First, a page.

The separator module of the present invention contains hollow fibers in a bundle with filaments of suitable diameter randomly interspersed in the void spaces between the hollow fibers. Generally these filaments are introduced during the skeining or mandrel winding process, however the filaments may also be introduced at the time that the fibers are first formed. The filaments generally run parallel to the hollow fibers and thus occupy the void spaces between the hollow fibers. Though randomly distributed in the void spaces the filaments usually are somewhat uniformly spread throughout the cross section of the hollow fiber bundle. The presence of the filaments helps to improve the uniformity of the axial flow distribution on the shell side over the cross-section of the separator. It is believed that the uniformity of axial flow distribution is improved because of the increase in the hydraulic resistance in the axial direction. The increase in the hydraulic resistance is related to the decrease in hydraulic diameter (i.e., void volume). It should also be noted that the presence of the filaments increases the shell side (external) mass transfer coefficient. The filaments are preferably thread, multiple-filament twisted yarn, multiple filament untwisted yarn, or monofilament having an OD smaller than that of the hollow fiber.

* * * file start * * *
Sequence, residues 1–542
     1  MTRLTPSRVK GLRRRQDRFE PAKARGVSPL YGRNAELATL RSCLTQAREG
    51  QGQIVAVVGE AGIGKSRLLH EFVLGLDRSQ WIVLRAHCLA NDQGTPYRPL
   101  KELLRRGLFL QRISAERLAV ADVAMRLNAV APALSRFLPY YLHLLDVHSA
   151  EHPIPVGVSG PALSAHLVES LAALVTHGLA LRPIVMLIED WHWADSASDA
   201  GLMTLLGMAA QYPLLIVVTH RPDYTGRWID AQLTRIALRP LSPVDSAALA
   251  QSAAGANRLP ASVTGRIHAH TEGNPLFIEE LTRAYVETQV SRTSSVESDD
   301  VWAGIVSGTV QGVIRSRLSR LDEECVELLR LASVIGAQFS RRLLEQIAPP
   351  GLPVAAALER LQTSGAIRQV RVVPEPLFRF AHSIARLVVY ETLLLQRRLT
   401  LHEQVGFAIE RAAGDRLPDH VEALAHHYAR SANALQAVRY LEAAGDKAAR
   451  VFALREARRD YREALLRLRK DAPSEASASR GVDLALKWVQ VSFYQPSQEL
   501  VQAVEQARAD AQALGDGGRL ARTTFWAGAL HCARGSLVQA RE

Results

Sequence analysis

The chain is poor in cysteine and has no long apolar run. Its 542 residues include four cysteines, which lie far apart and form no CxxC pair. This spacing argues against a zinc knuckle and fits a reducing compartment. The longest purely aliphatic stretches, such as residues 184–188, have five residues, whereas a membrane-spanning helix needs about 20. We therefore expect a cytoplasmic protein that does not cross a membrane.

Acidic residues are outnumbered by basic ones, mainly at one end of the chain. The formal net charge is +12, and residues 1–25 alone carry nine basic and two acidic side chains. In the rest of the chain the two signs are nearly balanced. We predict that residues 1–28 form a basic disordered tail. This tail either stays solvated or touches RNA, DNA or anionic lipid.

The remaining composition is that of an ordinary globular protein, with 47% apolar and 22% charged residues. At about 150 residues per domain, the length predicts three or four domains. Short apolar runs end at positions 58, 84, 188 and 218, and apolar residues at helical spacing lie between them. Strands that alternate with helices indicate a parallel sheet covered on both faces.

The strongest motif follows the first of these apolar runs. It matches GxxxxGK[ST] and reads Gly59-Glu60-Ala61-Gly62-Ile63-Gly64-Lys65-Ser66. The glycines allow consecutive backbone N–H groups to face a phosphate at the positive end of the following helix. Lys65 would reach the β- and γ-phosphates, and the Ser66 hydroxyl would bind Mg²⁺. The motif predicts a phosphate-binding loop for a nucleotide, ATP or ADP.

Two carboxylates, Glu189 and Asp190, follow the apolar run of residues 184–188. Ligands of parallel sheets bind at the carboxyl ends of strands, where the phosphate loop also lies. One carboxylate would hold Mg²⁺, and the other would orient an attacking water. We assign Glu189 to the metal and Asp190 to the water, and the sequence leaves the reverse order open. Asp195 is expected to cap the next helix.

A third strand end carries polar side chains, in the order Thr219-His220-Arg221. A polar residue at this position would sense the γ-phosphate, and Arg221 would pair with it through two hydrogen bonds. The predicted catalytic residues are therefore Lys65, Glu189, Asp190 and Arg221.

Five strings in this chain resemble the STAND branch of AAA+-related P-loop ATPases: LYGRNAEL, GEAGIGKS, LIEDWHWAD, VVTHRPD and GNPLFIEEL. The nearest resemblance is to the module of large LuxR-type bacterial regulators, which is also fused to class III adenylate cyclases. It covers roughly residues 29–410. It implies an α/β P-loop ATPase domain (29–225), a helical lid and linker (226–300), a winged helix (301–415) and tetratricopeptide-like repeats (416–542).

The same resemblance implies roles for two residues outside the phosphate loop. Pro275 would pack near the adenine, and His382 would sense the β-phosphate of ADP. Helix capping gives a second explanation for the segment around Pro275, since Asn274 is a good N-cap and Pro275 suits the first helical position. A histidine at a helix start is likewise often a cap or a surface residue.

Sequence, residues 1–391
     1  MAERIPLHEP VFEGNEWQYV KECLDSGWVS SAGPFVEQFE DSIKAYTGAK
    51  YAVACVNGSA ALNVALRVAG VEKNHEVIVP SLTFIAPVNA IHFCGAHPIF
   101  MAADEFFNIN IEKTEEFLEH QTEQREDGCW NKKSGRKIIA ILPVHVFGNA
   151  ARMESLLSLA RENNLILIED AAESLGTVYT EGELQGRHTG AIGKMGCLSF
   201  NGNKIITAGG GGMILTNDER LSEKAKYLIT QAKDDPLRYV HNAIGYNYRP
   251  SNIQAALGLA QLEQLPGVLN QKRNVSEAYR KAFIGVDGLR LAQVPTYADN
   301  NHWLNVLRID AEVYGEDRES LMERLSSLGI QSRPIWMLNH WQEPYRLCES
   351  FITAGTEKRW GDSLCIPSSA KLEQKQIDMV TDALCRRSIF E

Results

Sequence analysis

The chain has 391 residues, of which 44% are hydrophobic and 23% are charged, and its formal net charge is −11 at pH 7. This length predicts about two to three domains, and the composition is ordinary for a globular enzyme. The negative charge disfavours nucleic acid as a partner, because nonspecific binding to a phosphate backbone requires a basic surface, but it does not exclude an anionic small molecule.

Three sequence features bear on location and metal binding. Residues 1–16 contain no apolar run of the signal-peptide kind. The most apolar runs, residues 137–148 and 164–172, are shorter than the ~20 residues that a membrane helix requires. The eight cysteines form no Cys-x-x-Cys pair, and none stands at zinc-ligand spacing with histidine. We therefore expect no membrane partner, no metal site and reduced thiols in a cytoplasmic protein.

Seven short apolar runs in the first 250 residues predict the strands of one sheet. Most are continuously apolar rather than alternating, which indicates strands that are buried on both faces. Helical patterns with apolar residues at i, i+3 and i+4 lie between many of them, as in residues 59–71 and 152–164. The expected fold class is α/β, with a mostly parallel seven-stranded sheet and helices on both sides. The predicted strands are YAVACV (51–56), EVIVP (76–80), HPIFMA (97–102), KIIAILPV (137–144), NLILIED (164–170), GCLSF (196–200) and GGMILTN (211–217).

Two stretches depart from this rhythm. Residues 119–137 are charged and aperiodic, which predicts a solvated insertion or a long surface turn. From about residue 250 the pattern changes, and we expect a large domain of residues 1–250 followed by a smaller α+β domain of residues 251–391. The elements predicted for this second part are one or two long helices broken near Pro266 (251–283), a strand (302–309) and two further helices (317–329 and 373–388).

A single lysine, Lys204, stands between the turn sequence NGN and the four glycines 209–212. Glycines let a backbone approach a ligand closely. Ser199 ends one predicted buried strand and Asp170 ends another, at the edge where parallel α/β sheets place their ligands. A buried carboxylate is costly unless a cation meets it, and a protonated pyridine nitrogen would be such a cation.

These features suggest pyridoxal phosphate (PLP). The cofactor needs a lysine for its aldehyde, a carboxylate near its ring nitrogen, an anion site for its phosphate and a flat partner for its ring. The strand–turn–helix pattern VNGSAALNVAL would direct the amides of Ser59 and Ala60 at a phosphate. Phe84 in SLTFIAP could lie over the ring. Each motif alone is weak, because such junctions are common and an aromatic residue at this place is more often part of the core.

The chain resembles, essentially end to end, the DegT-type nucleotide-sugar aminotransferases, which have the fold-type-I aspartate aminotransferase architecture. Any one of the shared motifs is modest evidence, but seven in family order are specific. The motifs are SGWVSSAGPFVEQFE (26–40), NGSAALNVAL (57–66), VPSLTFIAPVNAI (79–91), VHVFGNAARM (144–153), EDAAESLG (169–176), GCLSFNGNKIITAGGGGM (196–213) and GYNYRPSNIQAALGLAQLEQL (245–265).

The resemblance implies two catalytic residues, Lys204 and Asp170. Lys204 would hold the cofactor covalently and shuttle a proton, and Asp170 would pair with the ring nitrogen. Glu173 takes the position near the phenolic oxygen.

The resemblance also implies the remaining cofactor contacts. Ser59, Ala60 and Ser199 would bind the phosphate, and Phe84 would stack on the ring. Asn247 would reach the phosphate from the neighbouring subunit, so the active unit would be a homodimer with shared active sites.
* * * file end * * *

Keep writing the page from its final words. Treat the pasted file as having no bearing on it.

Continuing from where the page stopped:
The invention also may be practiced in such a manner as to maintain the performance of a separator of given size when its active membrane area needs to be decreased in order to compensate for high intrinsic permeation coefficients. In this case, additional inert filaments are added to act as a filler which allows maintenance of uniform flow distribution on the shell side and continues effective mass transfer.